There are two precursors to active vitamin D hormones, vitamins D3 (cholecalciferol) and D2 (ergocalciferol). Vitamin D3 is synthesized in the skin after exposure to UVB light. Solar UVB radiation (wavelength of 290 to 315 nm) penetrates the skin and converts 7-dehydrocholesterol to previtamin D3 by photolysis, which is rapidly converted to vitamin D3 . Vitamin D3 may also be obtained from some dietary sources and dietary supplements. Vitamin D2 (ergocalciferol) is derived solely from the diet (and not from UVB). Both vitamin D3 and D2 enter the blood circulation and are attracted to the vitamin D binding protein (VDBP).
Vitamin D in the circulation is transported to the liver, which is where it is converted by vitamin D-25-hydroxylase to 25-hydroxyvitamin D [25(OH)D]. This first hydroxylation is catalyzed by the CYP27A1 enzyme. This form of vitamin D is thought to be biologically inactive and must be converted in the kidneys by 25(OH)D 1a-hydroxylase to its biologically active form, 1,25(OH)2D . This second hydroxylation is catalyzed by CYP27B1, which is located in the inner mitochondrial membrane of the proximal tubule cells of the kidneys. The 24-hydroxylation of both 25(OH)D and 1,25(OH)D to form 24,25(OH)D and 1,24,25(OH)D is the primary mechanism and the first step towards the inactivation of vitamin D metabolites.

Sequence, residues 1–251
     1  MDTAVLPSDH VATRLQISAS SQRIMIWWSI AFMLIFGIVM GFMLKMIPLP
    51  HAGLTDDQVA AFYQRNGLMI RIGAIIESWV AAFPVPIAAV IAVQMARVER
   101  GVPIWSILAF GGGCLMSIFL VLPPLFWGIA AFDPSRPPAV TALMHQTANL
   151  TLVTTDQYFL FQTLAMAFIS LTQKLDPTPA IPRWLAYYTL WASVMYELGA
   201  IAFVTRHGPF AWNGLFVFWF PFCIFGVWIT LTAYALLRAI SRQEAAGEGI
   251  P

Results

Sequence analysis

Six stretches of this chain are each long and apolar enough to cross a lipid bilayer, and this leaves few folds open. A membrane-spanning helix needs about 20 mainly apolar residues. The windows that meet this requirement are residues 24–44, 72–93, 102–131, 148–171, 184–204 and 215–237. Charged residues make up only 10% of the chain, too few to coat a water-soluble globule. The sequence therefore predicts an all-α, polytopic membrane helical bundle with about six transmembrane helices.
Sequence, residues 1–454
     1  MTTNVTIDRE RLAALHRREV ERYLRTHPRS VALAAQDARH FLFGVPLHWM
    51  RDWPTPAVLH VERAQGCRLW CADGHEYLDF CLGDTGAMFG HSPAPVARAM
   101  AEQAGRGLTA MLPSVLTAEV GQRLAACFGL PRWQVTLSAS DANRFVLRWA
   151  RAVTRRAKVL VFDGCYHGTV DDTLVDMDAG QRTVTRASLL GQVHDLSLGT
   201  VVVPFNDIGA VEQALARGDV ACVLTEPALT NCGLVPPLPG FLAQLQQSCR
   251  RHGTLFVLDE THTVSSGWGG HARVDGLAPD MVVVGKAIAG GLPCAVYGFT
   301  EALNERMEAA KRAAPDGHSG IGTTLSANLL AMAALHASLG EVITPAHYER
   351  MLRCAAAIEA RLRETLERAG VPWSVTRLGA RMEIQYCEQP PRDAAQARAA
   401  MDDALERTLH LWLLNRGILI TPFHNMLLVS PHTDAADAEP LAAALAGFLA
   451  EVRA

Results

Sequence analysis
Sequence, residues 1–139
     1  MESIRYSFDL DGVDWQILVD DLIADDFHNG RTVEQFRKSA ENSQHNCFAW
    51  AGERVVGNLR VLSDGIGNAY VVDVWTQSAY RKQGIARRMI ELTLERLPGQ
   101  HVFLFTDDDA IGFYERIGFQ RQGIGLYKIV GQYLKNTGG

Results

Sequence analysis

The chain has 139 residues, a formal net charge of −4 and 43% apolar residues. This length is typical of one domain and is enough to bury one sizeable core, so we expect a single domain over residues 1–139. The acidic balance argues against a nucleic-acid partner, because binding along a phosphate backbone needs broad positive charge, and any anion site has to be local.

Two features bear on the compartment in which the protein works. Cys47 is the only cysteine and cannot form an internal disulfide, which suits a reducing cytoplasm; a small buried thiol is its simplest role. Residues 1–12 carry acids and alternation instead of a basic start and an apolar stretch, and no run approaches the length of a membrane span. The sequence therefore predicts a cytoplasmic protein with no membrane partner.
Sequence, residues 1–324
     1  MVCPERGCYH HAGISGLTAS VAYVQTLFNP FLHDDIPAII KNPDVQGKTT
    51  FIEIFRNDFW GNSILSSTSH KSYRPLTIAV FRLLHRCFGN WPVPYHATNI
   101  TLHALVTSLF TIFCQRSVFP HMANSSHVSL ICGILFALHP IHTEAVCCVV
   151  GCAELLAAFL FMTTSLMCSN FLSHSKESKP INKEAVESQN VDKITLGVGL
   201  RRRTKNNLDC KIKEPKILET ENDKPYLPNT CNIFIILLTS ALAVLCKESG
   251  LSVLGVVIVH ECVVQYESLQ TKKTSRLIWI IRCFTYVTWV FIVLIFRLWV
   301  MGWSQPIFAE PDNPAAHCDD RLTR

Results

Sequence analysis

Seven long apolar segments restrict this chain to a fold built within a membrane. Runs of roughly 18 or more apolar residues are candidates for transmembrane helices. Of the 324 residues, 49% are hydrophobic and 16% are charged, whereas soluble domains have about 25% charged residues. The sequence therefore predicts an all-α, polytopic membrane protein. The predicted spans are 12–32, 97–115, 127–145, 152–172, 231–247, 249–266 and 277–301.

Genomic and Nongenomic Vitamin D Functions.
The actions of vitamin D are largely mediated by genomic functions. Vitamin D interacts with nuclear vitamin D receptor (VDR). VDR is a ligand-induced nuclear receptor that regulates the expression of over 900 genes throughout the genome [7, 8]. It influences the transcription of genes that are responsive to the VDR-vitamin D complex. 1,25(OH)2D dissociates from serum VDBP and enters the cell. Inside the cell, it binds to and activates VDR, and the VDR-vitamin D complex translocates from the cytosol to the nucleus, where it is joined by the retinoid X receptor (RXR) partner . The 1,25(OH)2D-VDR-RXR complex binds to specific sequences in the promoter regions oftarget genes that are called vitamin D response elements (VDREs), leading to the promotion and modulation of the expression of the targeted genes. 25(OH)D is less active than 1,25(OH)D2 because of its lower affinity for VDR.